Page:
2002 Denver Annual Meeting (October 27-30, 2002)

Paper No. 6
Presentation Time: 9:15 AM


NAESER, Charles W., 926A National Center, U.S. Geological Survey, Reston, VA 20192, BRYANT, Bruce, U.S. Geol Survey, Mail Stop 980, Box 25046, Denver Federal Center, Denver, CO 80225, KUNK, Michael J., USGS, MS 963, Box 25046, DFC, Denver, CO 80225, KELLOGG, Karl, U.S. Geol Survey, MS 980, P.O. Box 25046, Denver, CO 80225, DONELICK, Raymond A., Donelick Analytical, Inc, 1075 Matson Road, Viola, ID 83872 and PERRY, William J., Jr, 2695 Vassar Dr, Boulder, CO 80303-5732, cnaeser@usgs.gov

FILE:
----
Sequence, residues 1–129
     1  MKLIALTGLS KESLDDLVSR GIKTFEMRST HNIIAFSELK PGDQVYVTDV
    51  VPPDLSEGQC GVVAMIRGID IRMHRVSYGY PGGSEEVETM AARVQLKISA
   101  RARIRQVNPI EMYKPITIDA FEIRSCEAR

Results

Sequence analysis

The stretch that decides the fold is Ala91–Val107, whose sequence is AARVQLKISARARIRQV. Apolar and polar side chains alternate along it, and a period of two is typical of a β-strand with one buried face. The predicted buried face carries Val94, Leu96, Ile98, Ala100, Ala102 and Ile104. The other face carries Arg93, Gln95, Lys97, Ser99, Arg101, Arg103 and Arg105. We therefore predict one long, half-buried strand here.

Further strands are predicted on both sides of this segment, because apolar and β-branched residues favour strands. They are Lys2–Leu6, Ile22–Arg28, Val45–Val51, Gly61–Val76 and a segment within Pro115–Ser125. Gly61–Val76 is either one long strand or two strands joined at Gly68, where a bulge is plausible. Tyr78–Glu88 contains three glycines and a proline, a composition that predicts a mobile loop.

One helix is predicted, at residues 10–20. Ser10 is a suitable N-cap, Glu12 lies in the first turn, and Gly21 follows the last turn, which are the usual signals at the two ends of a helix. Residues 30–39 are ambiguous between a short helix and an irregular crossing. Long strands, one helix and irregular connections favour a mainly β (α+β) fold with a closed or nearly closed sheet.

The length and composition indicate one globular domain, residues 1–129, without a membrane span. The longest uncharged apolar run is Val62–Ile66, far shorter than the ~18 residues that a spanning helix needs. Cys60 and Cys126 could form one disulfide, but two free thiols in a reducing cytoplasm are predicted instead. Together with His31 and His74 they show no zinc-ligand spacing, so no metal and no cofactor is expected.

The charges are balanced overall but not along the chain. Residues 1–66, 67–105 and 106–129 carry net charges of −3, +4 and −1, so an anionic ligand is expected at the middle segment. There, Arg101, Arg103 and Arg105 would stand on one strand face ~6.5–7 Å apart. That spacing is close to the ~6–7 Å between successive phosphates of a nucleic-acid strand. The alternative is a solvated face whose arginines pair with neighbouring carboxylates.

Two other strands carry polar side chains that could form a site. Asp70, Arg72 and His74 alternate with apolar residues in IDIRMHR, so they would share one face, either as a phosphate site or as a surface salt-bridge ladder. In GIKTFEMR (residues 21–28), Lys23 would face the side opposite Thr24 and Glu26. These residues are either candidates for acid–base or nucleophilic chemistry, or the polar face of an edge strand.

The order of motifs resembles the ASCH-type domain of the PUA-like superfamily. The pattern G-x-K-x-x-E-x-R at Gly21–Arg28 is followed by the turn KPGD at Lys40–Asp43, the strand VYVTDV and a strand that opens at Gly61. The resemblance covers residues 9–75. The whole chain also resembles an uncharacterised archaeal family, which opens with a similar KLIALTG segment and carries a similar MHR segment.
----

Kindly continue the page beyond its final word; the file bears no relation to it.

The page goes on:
Apatite fission-track (AFT) data from Proterozoic crystalline rocks and Paleozoic sedimentary rocks of the mountains flanking the Blue River graben (western Front Range to the east and the Gore Range to the west) indicate significant Neogene cooling. AFT ages are between 5 and 40 Ma and become older with elevation in both mountain blocks. Ages from the western Front Range are significantly older than ages from similar elevations in the eastern Gore Range, suggesting asymmetrical uplift, erosion, and cooling. For example, AFT ages from 3,000 m altitude at Ute Pass in the western Front Range are about 25 Ma, whereas samples at 3,000 m altitude in the eastern Gore Range have an apatite age of about 9 Ma. Apatite ages from the western Gore Range are also older (about 22 Ma at 3,000 m) than those obtained at similar altitudes on the east side of the range. Most apatite track lengths are greater than 14 µm. These long lengths, and the AFT ages, indicate that total track annealing was followed by relatively rapid cooling in the Neogene. The AFT data suggest that all of the rocks that flank the Blue River graben were at temperatures >110°C well into middle, and in some cases, late Tertiary time. For a normal geothermal gradient of 20-30°C, a stratigraphic reconstruction indicates that the basement rocks in the northern, lower, part of the Gore Range should yield Laramide (early Tertiary) or older AFT ages. However, the AFT data indicate that an elevated Neogene gradient has removed evidence of these older ages. Generally accordant drainage divides in the Gore and western Front Ranges cut the AFT cooling isochrons. If such accordance is related to an erosion surface, the AFT data require that it be Pliocene or younger, which seems unreasonable. This accordance is probably due to geomorphic processes acting over time on rocks of similar resistance to erosion. In a regional context, the AFT ages along the flanks of the Blue River graben are significantly younger than AFT ages farther to the east in the central and eastern Front Range where the apatite ages suggest Laramide cooling below 110°C. These data support the interpretations of previous workers, that the Front Range was tilted eastward in Neogene time and that at the 3700 m summit of Red Mountain in the western Front Range 1.6 km of rock has been removed since 28 Ma (average erosion rate of 57 m/Ma).